hurricanes

Sammy Mack / WLRN via Giphy

There’s a plot of land behind the swimming pool at Deerfield Beach High where science teacher Kelly Caputo points to a cluster of trees out in a field.

“You can see five large Australian pines,” says Caputo. “And as beautiful as they are, they’re non-native — they take up a lot of space, water — and if we do get heavy winds, they’re probably going to create a lot of damage.”

Mark Hedden / For WLRN

  Before Hurricane Wilma's winds swept across mainland South Florida, the storm's waters surged over the Florida Keys — the largest storm surge the islands had seen since Hurricane Betsy in 1965.

Updated at 8:05 p.m. ET

The National Hurricane Center says the eye of Hurricane Patricia has made landfall near Cuixmala on Mexico's southwestern Pacific coast. Its winds were measured at 165 mph, somewhat weakened but still a Category 5 storm capable of catastrophic damage.

Our original post continues:

Updated 5:30 p.m. ET

Extinguishing hope that the cargo ship that went missing near the Bahamas could have survived a Thursday encounter with Hurricane Joaquin, the Coast Guard announced Monday that the ship, El Faro, sank, according to the Associated Press. The Coast Guard also found an unidentified body of one crew member.

Tropical Development Possible In The Gulf Next Week

Sep 24, 2015
WUFT

The last six tropical storms to develop in the Atlantic Basin haven't made it through the so-called El Niño barrier in the Caribbean.

This is where upper level winds have been too strong to support upscale development or even passage of a storm. Two have tried (Danny, Erika), but the others haven't even come close (Fred, Grace, Henri, Ida).

A new but controversial study asks if an end is coming to the busy Atlantic hurricane seasons of recent decades.

The Atlantic looks like it is entering in to a new quieter cycle of storm activity, like in the 1970s and 1980s, two prominent hurricane researchers wrote Monday in the journal Nature Geoscience.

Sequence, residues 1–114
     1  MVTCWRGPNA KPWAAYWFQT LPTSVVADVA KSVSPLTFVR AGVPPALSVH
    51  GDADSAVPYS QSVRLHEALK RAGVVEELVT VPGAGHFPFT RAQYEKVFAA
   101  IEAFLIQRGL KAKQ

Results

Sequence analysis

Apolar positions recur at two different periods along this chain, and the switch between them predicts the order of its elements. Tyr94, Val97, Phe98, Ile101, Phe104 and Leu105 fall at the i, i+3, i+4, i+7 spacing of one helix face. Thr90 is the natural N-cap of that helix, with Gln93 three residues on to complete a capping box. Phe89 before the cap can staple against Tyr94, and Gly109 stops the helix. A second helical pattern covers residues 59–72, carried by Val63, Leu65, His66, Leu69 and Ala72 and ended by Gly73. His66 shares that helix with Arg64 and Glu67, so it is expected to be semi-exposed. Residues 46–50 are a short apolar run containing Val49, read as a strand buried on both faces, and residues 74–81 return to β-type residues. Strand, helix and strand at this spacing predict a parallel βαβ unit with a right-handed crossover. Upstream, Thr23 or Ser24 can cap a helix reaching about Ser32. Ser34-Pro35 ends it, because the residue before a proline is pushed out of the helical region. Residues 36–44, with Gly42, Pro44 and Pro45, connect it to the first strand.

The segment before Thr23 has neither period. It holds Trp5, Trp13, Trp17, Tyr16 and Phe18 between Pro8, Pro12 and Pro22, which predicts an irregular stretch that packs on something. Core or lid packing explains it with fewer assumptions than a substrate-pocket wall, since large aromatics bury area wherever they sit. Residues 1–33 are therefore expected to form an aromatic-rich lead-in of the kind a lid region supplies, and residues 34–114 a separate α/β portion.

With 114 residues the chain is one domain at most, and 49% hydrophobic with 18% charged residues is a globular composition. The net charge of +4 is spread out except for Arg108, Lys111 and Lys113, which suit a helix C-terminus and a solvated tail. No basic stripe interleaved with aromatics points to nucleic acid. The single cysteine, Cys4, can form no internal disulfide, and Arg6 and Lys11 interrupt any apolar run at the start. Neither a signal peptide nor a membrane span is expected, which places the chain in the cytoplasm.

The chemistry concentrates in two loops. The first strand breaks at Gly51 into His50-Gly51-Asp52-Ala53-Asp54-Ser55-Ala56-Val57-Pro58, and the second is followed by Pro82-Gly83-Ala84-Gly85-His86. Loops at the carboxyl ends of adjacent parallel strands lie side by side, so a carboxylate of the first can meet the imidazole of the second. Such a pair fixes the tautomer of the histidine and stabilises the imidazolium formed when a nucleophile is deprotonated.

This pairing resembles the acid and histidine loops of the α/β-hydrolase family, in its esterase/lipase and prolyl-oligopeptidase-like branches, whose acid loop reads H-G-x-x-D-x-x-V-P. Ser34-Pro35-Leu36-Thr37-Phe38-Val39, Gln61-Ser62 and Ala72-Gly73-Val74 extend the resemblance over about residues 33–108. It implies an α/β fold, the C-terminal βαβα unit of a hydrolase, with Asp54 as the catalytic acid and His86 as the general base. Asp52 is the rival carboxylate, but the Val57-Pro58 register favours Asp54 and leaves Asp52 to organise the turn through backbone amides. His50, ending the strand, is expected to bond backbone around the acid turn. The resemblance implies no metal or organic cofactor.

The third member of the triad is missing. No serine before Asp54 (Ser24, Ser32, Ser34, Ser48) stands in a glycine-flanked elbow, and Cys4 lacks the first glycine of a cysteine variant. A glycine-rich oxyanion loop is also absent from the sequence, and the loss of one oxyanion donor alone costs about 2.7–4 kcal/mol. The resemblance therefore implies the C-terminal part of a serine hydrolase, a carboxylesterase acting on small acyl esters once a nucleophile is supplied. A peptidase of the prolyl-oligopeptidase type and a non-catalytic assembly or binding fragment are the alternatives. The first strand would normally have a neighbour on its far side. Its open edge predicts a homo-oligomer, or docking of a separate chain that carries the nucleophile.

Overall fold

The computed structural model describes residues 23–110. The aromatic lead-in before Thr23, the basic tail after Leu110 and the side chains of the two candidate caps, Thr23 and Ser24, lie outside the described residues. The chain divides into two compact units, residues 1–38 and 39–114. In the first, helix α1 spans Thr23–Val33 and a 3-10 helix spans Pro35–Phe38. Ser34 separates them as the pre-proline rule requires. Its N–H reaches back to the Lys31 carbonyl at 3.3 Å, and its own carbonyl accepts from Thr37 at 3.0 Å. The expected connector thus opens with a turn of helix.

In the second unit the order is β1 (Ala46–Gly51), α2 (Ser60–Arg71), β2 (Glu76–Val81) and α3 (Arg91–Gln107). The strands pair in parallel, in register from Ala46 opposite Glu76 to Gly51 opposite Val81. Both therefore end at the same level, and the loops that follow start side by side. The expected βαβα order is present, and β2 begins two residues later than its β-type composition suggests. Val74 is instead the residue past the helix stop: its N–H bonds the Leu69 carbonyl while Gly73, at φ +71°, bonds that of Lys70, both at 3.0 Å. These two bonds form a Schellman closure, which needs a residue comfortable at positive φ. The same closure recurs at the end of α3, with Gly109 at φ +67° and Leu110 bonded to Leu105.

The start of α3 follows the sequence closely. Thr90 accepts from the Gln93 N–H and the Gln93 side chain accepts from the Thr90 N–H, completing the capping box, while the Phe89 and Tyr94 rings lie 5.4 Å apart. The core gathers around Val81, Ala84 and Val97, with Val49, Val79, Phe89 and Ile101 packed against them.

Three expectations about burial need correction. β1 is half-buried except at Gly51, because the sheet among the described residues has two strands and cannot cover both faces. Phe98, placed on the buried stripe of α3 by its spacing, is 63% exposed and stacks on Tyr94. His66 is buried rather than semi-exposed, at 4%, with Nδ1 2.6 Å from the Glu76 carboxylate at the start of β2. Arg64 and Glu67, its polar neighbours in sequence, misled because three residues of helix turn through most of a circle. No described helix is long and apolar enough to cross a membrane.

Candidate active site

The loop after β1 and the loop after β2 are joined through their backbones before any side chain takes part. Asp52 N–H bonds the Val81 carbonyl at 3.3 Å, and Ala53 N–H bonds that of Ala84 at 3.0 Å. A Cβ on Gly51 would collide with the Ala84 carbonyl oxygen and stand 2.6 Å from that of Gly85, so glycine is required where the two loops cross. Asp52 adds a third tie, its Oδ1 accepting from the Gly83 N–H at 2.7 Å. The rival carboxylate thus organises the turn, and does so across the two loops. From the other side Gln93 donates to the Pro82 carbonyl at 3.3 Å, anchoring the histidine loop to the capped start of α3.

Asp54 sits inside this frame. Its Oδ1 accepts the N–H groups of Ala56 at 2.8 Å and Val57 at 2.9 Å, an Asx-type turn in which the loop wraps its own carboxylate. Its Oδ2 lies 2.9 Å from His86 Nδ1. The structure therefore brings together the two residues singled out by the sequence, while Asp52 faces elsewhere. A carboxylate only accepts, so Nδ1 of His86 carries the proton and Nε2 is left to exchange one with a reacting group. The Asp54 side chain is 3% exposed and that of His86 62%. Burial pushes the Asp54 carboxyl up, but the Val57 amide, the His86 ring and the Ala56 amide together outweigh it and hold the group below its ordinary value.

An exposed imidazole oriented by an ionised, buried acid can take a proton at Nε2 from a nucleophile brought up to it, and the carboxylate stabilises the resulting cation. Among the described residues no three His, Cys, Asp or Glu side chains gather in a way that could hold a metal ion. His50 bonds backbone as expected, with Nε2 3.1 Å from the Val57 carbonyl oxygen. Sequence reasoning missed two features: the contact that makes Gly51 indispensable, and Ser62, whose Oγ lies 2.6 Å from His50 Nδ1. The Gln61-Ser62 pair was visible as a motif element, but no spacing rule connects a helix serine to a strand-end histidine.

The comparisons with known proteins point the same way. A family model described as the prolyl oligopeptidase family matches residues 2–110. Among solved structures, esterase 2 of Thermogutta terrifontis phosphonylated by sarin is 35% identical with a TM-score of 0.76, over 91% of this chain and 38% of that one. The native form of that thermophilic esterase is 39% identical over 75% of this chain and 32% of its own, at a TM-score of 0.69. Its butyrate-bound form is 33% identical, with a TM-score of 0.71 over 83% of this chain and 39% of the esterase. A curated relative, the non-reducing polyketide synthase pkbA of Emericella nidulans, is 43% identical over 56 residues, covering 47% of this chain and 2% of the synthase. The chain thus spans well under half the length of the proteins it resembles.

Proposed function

Monroe County Public Library

  Eighty years ago, hurricanes weren't given human names. So the storm that devastated the Upper Keys in 1935 is known simply by the day it swept across Islamorada: the Labor Day Hurricane.

Islamorada in 1935 was a small village of a few hundred people, scraping through the Depression growing Key limes and pineapples. The village was also the site of a camp for hundreds more: relief workers building a highway. Most of those workers were World War I veterans.

Miami Herald

Even with all the radar technology that's available, it's hard to predict what any storm will do (i.e. Hurricane Jeanne). Let's face it, mother nature is not easy to predict.

Erika, which threatened South Florida last week,  was frustrating to forecasters because it didn't want to behave the way some models had pegged it. But, that's not completely unusual according to James Franklin. He oversees forecasters at the National Hurricane Center. 

What about Erika made it hard to forecast? 

Erika Dissolves, Heavy Rain Still Possible In Florida

Aug 29, 2015
Florida Public Radio Emergency Network

Tropical Storm Erika proved to be no match for the volatile conditions aloft and the mountainous terrain of Hispaniola.

As of 9:30 a.m. Saturday morning, the storm had dissolved into a tropical wave.

The National Hurricane Center issued their final advisory on the tropical cyclone, stating that hurricane hunters were unable to find an organized center of circulation.

C.M. Guerrero / El Nuevo Herald

With Tropical Storm Erika on a course to barrel into Florida, Gov. Rick Scott on Friday declared a state of emergency for the entire state.

The executive order pointed to updated forecasts from the National Hurricane Center indicating the storm likely will "travel up the spine of Florida's peninsula." Erika is now expected to remain a tropical storm, rather than turn into a more-powerful hurricane.

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